In May, we recognize Older Americans Month to acknowledge older Americans and their contributions to the nation.
More than 40 million people in the United States are 65 or older. The Census Bureau projects that by 2035, this number will double, which makes improving the quality of life for older Americans even more important as we look to the future. It is Social Securityâ€™s priority to provide a safety net for older Americans.
The main reason Social Security was established 80 years ago was to help older Americans. For many, Social Security benefits are their only source of retirement income. Social Security payments continue for life and are adjusted to keep pace with inflation. The American Association of Retired Persons (AARP) estimates that these benefits help keep 35 percent of older Americans out of poverty.
A great tool for people of all ages is the my Social Security account. With a personalized my Social Security account, you can:
â€¢ Get an estimate of future benefits, if you still work;
â€¢ Get an instant letter with proof of current benefits; and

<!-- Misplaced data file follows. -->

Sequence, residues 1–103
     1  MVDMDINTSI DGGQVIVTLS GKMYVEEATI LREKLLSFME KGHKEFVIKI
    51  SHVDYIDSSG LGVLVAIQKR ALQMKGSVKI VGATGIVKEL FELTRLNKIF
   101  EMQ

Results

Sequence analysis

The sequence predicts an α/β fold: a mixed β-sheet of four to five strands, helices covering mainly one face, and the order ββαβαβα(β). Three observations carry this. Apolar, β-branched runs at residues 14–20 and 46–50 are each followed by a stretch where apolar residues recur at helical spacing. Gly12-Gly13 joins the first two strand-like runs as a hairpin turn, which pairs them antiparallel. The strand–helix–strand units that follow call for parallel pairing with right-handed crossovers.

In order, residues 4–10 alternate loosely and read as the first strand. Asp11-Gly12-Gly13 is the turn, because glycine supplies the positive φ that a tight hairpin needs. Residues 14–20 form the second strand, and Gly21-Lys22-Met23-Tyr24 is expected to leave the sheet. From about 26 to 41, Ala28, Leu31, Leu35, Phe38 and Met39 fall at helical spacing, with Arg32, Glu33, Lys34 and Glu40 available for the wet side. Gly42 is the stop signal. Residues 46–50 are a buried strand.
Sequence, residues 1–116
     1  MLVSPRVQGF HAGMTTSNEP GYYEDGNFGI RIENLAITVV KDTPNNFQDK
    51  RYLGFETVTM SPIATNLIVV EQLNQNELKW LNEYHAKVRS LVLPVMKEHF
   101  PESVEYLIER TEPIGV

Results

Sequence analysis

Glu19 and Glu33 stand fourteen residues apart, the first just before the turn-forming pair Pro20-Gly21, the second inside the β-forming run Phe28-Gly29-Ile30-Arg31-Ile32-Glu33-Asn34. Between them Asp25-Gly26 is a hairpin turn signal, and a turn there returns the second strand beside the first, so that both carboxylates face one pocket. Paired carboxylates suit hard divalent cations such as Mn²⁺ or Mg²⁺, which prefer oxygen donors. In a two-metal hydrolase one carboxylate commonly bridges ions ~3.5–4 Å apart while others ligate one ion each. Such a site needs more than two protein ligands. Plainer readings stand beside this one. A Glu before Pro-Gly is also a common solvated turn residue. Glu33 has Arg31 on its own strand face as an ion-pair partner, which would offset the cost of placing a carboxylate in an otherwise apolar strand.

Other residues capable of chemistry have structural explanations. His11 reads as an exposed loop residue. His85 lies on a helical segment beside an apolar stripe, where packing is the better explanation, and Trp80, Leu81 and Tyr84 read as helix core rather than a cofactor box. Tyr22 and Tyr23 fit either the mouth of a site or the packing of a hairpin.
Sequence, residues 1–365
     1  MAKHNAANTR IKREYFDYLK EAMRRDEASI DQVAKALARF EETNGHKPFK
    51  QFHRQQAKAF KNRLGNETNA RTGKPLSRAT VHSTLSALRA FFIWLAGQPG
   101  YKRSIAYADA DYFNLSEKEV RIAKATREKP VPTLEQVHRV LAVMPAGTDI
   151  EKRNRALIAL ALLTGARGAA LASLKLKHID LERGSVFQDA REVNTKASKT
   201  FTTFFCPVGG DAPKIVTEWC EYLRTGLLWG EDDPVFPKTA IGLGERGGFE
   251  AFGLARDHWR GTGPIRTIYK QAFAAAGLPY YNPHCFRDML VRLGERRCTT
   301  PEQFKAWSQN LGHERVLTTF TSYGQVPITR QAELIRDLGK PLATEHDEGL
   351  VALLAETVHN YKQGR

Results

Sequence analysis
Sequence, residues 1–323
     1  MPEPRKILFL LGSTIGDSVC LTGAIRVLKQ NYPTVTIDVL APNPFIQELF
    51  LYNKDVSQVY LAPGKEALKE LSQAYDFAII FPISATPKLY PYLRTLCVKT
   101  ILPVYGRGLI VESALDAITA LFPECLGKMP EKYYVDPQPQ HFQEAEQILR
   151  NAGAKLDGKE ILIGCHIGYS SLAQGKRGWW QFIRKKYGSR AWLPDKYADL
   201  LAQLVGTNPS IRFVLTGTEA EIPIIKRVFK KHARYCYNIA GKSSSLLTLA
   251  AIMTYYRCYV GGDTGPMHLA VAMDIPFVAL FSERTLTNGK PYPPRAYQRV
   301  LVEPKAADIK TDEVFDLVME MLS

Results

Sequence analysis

â€¢ Manage your benefits.
Visit www.socialsecurity.gov/myaccount and join the millions of people who have already created accounts to help them plan for retirement.
This May also marks the 50th anniversary of the Older Americans Act. Congress passed the Act in 1965 in response to a lack of community social services for older persons. Medicare, in effect since July 1, 1966, will also celebrate its 50th anniversary soon. Medicare provides health insurance to more than 42 million Americans age 65 and older. If you arenâ€™t familiar with the four parts of Medicare, they are:
â€¢ Part A (hospital insurance). Helps pay for inpatient care in a hospital or skilled nursing facility (following a hospital stay), some home healthcare, and hospice care.
â€¢ Part B (medical insurance). Helps pay for doctorsâ€™ services and many other medical services and supplies that hospital insurance doesnâ€™t cover.
â€¢ Part C (Medicare Advantage): If you have Parts A and B, you can join a Medicare Advantage plan. Private companies offer plans that generally help pay the medical costs not covered by Parts A and B.
â€¢ Part D (prescription drug coverage). Helps pay for medications doctors prescribe.
To learn more about applying for Medicare, read our publication â€œApplying For Medicare Onlyâ€”Before You Decide.â€ To learn more about Social Security, read â€œUnderstanding the Benefits.â€ Both are available at www.socialsecurity.gov/pubs.
Kirk Larson, who wrote this article, is a public affairs specialist for Social Security in western Washington.